So we are hoping that whatever system we come up against can be mapped against this one; database tables and spreadsheets must exist to describe or point to the actual analog item, its location, its collection, and its holder, and more. The filename cannot be expected to hold sufficient information to please everyone or every use. Its primary purpose is as a unique identifying value for the file, and to facilitate in file management and online delivery.

Additional considerations are the [[1]] of the filename, characters which cause problems for software (such as \/:*?"<>|); and consistency (both for parsing and handling, and also for visually spotting errors). In addition, the "id" attribute values that are valid for xml need to be considered (begin with a letter, and more: [[2]]); and we need sufficient characters to provide for identification within the realm of the content provider.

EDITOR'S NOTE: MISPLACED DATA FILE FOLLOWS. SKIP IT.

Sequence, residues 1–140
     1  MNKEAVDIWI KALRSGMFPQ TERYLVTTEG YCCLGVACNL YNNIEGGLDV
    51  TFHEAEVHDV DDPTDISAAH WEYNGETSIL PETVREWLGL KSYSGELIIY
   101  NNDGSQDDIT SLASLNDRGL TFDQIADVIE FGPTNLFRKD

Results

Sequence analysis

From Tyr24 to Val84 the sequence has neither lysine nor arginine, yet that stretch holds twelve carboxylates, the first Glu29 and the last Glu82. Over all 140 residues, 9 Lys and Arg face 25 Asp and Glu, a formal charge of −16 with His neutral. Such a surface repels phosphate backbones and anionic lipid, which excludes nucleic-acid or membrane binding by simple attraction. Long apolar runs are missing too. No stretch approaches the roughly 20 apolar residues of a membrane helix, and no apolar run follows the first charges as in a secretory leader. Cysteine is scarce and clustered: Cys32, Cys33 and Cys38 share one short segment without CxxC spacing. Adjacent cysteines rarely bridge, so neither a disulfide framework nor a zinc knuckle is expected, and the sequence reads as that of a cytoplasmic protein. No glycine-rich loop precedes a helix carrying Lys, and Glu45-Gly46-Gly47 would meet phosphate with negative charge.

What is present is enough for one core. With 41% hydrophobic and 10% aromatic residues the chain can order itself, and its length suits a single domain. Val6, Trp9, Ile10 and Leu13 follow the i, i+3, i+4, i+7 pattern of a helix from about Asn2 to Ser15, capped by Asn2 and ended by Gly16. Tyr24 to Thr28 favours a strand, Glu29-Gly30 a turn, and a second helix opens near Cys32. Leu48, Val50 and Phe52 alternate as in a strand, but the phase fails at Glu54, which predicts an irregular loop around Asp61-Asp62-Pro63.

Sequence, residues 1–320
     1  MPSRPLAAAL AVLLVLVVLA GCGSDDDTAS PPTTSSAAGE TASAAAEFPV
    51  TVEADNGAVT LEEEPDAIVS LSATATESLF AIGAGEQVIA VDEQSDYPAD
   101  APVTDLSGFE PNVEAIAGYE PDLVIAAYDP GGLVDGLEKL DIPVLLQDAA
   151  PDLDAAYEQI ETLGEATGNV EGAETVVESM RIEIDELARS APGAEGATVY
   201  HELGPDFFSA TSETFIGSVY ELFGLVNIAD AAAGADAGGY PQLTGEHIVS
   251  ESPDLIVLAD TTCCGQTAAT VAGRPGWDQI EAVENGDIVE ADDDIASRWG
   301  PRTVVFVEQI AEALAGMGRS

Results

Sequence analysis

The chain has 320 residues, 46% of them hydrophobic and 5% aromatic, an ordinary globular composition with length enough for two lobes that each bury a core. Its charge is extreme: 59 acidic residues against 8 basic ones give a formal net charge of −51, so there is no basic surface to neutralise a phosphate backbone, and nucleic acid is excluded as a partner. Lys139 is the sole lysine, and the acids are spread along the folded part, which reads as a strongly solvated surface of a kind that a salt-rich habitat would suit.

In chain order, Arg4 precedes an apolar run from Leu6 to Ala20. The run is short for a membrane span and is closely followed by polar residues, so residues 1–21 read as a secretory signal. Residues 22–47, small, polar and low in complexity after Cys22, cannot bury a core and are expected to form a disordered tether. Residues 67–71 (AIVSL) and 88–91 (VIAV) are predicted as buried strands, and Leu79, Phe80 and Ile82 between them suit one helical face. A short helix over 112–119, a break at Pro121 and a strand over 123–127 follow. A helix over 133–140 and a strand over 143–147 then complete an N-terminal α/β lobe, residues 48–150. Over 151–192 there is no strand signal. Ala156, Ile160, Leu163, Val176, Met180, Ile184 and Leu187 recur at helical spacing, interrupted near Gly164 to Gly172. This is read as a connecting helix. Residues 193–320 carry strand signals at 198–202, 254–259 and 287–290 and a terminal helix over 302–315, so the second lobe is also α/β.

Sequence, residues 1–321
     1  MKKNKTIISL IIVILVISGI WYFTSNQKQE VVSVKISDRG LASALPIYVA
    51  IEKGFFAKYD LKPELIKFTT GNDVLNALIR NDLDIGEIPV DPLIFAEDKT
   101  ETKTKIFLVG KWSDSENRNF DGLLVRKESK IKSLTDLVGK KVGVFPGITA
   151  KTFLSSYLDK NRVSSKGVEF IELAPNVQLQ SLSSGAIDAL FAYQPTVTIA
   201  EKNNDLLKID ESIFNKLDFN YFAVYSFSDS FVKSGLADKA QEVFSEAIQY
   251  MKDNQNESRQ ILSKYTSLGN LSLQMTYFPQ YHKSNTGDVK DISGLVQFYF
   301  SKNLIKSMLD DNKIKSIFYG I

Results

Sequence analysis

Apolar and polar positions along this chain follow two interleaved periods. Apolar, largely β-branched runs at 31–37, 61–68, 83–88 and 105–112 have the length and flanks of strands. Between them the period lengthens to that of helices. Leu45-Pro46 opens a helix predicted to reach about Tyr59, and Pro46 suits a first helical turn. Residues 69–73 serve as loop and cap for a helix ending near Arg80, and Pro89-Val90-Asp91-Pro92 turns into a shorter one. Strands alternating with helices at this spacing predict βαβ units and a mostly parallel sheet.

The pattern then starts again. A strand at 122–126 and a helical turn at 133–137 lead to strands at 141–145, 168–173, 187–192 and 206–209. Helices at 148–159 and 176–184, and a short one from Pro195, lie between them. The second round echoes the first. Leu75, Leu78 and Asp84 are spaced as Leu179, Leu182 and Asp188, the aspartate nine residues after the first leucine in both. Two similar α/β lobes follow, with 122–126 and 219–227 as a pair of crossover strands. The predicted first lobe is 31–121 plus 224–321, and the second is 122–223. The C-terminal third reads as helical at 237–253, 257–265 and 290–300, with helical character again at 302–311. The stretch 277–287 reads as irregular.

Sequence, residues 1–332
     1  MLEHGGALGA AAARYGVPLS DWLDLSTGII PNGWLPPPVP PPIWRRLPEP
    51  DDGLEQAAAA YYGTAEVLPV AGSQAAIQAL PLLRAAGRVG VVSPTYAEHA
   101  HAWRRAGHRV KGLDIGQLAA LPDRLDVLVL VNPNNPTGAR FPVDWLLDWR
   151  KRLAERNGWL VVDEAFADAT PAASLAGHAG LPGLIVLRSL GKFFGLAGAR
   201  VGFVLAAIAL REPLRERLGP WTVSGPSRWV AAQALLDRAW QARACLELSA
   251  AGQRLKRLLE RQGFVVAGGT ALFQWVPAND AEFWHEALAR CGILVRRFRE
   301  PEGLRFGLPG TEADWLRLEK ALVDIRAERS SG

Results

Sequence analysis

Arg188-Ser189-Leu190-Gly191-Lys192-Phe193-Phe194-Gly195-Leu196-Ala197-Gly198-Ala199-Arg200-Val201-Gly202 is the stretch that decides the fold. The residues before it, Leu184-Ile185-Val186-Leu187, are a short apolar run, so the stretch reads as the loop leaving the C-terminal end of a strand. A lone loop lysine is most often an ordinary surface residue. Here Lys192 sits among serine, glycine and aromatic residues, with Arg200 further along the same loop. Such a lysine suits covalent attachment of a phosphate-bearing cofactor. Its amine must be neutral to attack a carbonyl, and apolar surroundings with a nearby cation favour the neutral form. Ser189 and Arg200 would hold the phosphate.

This last set the value of "collection" to at least 7 digits, as our Photograph collections require that; and within those collections we already have up to 6 digit numbers in each one.

Here is a set of sample file numbers, the analysis of which will follow:

  • u0001_0002061_0000345_0001.tif
  • u0001_0002061_0000345_0002.tif
  • u0001_0002061_0000345_0003.tif
  • u0001_0002061_0000345_0000.xml


"u" indicates that this object resides at the University of Alabama or was created under our university auspices. Some other character (as yet undetermined) will delineate other. I recommend "n" below, as the visual opposite of "u", and it can be construed to mean "not ours"!) Longer or more complex systems were discarded as being difficult and problematic after the first few assigned values.